XRP now accepted at YouTube, Twitch through Coil; XRPL development moves away from Ripple

The use-case for cryptocurrencies as methods of payment and money was one of the primary reasons it was invented.

Coil, a company started by the co-creator of the InterLedger Protocol and former CTO of Ripple, Stefan Thomas, has successfully implemented streaming XRP micropayments to prominent sites such as YouTube and Twitch. This means that the content creators on the website will be able to receive payments for just as long as the users are on the page.

This represents a move forward in payments, as actual value is being transacted to the handlers of the website in real time. To understand what this truly means, it is important to focus on what streaming payments are.

STREAM is a protocol on the ILP for the Streaming Transport for the Realtime Exchange of Assets and Messages, and is similar to the TCP seen on the Internet today. Money can be sent over the protocol, whether it be a small series of quick payments or one large payment. It will be sent using a constant ‘stream’ of micropayments.

Coil functions on the ILP and utilizes STREAM to provide content creators with the opportunity to integrate the service into their website for payments. Once the software is integrated, users who pay Coil’s flat $5 fee a month can stream payments in XRP directly to the contributor.

As David Schwartz, the CTO of Ripple stated:

“Content providers don’t need any agreement with Coil. If they provide value in exchange for funds, coil (and others) will pay them to get that value. If not, not. Universal and painless for creators.”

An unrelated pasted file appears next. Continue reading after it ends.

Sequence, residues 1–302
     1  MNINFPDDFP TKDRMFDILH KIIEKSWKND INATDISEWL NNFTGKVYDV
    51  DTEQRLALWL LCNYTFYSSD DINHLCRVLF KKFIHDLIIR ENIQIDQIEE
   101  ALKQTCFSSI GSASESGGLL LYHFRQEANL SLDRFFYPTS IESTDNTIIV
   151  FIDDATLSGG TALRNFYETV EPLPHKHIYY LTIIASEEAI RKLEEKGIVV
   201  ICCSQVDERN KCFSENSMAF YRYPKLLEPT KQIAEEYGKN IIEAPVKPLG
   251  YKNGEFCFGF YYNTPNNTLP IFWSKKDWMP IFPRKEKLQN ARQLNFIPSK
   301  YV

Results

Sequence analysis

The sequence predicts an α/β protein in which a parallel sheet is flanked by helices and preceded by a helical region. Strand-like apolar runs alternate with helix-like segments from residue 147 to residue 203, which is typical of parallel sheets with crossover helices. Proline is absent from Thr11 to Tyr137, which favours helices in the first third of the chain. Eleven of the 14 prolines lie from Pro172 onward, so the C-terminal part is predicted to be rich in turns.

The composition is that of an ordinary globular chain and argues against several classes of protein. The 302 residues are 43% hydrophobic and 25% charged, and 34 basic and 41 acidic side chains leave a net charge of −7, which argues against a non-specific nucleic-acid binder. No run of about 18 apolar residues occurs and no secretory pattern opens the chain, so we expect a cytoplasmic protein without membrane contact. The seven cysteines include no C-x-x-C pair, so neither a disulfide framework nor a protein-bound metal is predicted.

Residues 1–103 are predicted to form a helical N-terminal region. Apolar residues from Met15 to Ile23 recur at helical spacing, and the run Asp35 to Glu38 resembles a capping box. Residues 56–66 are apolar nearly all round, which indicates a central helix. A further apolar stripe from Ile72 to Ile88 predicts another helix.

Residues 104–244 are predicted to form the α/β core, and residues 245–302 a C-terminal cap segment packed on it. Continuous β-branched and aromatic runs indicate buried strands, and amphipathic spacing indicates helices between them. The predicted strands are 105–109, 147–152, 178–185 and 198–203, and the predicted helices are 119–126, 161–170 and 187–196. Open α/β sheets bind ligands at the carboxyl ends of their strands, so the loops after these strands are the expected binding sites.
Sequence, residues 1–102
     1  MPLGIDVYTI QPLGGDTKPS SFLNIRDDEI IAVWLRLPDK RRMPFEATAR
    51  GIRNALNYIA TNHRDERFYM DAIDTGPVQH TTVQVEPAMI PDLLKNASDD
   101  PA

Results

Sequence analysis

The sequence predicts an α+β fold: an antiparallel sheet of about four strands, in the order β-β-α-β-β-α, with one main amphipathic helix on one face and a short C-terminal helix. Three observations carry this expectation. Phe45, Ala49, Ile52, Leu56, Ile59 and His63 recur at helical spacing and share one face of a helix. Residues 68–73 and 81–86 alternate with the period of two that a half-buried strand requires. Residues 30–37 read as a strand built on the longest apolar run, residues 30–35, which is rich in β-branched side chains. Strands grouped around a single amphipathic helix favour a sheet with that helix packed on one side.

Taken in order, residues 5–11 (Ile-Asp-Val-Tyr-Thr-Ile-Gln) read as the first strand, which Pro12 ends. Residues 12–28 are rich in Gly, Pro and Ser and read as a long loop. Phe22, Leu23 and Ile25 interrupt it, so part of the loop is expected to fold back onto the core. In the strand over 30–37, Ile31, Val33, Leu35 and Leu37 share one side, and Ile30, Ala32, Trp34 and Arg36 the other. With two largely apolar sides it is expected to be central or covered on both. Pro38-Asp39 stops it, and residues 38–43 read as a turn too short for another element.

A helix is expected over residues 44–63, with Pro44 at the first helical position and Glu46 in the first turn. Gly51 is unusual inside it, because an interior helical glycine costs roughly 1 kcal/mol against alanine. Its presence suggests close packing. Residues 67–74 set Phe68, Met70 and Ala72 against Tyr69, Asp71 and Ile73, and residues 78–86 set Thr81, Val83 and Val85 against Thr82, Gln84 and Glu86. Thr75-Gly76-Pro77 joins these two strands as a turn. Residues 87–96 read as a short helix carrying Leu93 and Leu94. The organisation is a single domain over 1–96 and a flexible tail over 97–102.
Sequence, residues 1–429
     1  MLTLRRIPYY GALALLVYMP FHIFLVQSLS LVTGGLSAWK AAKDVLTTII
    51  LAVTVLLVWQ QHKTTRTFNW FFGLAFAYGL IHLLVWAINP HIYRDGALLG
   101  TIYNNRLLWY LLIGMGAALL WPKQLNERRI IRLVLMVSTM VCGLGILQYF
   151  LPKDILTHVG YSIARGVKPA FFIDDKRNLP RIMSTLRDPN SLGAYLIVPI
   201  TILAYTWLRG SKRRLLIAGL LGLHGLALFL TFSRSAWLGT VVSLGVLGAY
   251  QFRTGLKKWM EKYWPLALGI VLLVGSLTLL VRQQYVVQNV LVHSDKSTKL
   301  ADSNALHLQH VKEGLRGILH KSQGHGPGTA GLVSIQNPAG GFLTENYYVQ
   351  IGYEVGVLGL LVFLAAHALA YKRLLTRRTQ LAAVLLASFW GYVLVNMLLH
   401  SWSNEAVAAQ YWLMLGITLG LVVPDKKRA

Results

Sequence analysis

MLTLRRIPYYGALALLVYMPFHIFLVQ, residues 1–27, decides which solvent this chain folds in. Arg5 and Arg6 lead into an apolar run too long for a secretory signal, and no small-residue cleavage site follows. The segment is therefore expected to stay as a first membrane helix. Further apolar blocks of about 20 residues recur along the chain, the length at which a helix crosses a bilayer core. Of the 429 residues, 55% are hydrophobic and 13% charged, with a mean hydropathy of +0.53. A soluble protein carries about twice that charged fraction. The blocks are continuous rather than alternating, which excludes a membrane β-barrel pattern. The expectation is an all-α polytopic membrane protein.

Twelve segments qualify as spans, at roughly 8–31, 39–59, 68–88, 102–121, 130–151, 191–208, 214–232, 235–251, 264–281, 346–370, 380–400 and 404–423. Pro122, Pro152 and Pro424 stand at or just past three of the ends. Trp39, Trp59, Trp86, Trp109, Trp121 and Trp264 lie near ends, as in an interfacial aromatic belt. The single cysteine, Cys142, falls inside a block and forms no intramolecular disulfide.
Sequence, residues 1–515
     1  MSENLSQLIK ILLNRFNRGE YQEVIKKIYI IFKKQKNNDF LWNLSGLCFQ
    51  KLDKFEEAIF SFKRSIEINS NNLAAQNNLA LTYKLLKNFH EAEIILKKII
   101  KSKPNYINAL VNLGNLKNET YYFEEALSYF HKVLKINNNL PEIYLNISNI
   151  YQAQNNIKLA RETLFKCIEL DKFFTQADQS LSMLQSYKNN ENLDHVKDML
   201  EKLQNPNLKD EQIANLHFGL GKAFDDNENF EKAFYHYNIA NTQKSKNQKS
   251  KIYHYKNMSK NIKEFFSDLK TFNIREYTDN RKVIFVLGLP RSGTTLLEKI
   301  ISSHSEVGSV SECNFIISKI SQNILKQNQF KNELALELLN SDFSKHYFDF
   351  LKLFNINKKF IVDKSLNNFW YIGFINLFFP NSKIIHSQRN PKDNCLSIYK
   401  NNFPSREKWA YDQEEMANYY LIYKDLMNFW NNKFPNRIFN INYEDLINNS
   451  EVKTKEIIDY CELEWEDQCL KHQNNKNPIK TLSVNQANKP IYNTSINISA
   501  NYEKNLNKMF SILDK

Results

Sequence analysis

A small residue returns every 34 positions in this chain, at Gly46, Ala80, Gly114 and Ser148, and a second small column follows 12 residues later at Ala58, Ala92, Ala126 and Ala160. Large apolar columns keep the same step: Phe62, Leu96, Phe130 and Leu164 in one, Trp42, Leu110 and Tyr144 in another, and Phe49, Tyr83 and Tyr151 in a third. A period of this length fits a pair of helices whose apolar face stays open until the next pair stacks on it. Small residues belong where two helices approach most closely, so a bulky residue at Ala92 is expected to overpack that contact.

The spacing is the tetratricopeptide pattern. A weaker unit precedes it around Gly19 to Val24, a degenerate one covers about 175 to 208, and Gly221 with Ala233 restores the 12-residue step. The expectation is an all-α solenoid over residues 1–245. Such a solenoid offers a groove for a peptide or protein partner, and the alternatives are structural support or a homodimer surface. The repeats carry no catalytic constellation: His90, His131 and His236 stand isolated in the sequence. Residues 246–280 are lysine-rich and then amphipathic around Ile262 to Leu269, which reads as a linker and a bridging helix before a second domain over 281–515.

If Coil does reach prominence as a main method of payment, the Internet of the future will be a more organic place to produce content. For every second a user is on an article, a small amount of XRP will be sent to them. As soon as the user stops, the stream of payments also ends.

This can be extrapolated to include other services such as streaming music, video or generally contributing to content. For example, a user could watch a YouTube video for 30 seconds and be charged only for those 30 seconds.

Other uses for streaming payments include being able to pay for a certain measure of a good. For example, users of ILP could pay for just how much beer down to the milliliter they consume in a bar, as opposed to buying an established amount.

Enthusiasts who are familiar with Ripple’s vision for the Internet of Value will recognize that this effectively marks the next step in the pursuit of that future. Value is now moving as quickly as the data that websites harvest from their users, thus allowing a general movement of the economy away from data-mining for targeted advertising to a cheap, unseen alternative that works in the background for a fair economy.

For the XRP enthusiasts, this not only represents a movement in the way value is transacted but also more bullish news. This is the beginning of the movement of the XRP Ledger away from only Ripple developing applications for it, as Coil was created by Thomas after he left the company.

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